Energy-Efficient Data Center Helps IT Company Reach Emissions Goal a Year Early

The Paris-based global IT consulting firm Capgemini reached its carbon-cutting goal a year ahead of schedule, in large part due to the company’s 32,000-square-foot Merlin data center, Edie.net reports. First constructed in 2010, features such as modular design, fresh air cooling, renewable energy sourcing, and flywheel technology have made the data center’s power usage effectiveness (PUE) readings competitive with the newest, most efficient data centers for tech giants like Google and Facebook.

Merlin was built on a brownfield in Swindon, Wiltshire in the UK, the location chosen due to its relatively low humidity and cooler air. Construction only took 22 weeks, sped along by the data center’s unique modular design. “Standalone units based upon mobile hospitals and laboratory solutions, which could be independently managed, powered, cooled, fitted out, and secured, were reviewed in detail,” Capgemini reported. The company sought a facility that could come online in stages to meet client demand instead of being a depreciating financial asset from the start.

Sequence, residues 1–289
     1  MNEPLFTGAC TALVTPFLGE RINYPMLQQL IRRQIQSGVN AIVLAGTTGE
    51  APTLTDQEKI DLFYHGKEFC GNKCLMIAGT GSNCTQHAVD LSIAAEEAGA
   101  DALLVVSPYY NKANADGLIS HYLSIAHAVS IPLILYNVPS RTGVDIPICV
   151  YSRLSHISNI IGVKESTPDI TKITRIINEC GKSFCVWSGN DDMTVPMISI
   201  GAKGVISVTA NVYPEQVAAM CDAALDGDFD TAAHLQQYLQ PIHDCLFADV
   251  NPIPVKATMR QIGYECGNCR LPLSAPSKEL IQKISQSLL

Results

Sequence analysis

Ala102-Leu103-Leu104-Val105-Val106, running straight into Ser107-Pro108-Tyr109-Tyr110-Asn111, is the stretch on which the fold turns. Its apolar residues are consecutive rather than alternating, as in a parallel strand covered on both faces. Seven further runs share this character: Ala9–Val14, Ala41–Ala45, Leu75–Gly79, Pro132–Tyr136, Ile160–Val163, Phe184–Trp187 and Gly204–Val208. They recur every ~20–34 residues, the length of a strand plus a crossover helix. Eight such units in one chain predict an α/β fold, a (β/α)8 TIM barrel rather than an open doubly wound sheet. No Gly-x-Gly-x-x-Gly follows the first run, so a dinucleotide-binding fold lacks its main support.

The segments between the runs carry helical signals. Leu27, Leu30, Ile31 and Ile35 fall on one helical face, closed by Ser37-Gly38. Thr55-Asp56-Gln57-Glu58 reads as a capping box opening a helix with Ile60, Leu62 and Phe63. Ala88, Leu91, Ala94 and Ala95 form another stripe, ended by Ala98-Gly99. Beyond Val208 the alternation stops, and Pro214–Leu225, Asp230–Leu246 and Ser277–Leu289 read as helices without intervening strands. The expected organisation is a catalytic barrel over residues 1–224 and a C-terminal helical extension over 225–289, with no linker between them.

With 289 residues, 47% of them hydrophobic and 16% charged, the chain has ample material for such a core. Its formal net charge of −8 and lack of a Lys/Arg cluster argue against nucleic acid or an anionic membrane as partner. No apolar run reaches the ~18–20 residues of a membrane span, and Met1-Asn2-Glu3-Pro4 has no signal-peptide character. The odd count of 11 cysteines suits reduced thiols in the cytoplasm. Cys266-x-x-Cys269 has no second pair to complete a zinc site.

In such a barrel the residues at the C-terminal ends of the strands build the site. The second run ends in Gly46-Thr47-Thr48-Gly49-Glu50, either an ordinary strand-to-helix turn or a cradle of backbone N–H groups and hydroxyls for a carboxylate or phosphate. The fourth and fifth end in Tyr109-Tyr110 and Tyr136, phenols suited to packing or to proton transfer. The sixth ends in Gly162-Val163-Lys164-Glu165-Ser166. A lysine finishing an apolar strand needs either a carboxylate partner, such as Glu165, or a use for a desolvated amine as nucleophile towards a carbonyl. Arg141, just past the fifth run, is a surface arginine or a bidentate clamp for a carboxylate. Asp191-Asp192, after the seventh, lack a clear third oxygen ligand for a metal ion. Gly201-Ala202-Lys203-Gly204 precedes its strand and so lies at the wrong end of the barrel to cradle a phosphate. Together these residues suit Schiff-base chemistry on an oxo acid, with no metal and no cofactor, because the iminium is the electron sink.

Each module is made from 95% recyclable materials and has a structural lifecycle intended to last up to 60 years. Initial capacity for the data center was 12 modules containing 1,248 racks. Over the past seven years, the company has increased the size of the data center by 40% and added a new module, according to Edie.net. Merlin could potentially be fully recommissioned in three months if all the power and services needed are available, the company says.

The data center relies on renewable energy sources, meaning that it emits 330 metric tons of carbon annually compared to the 7,000 to 7,500 metric tons that a traditional data center relying on the UK grid would produce. Flywheel technology replaces battery technology for uninterrupted power. Merlin’s evaporative cooling system relies on fresh air, representing a 95% reduction in cooling energy compared to 50% for other data centers using fresh air cooling, Edie.net says. The building management system sensors monitor air quality and temperature while newer lighting sensors reduce energy consumption in unoccupied modules.

Since it first came online in September 2010, Merlin’s PUE readings have been between 1.08 and 1.12, according to Edie.net. Back then, the industry average was around 2 to 2.5 and has now reached 1.8. For comparison, Google currently reports a trailing 12-month PUE of 1.12 across all of its data centers and Facebook’s Prineville data center in Oregon has a live PUE dashboard that shows levels around 1.08 for the past year.

Although Capgemini has not made the cost of constructing the Merlin data center public, Edie.net reported that the company has said the ROI was two years. Data centers were responsible for more than 40% of Capgemini’s emissions in 2016 so the company says it plans to continue investing in measures that improve energy efficiency at these facilities.

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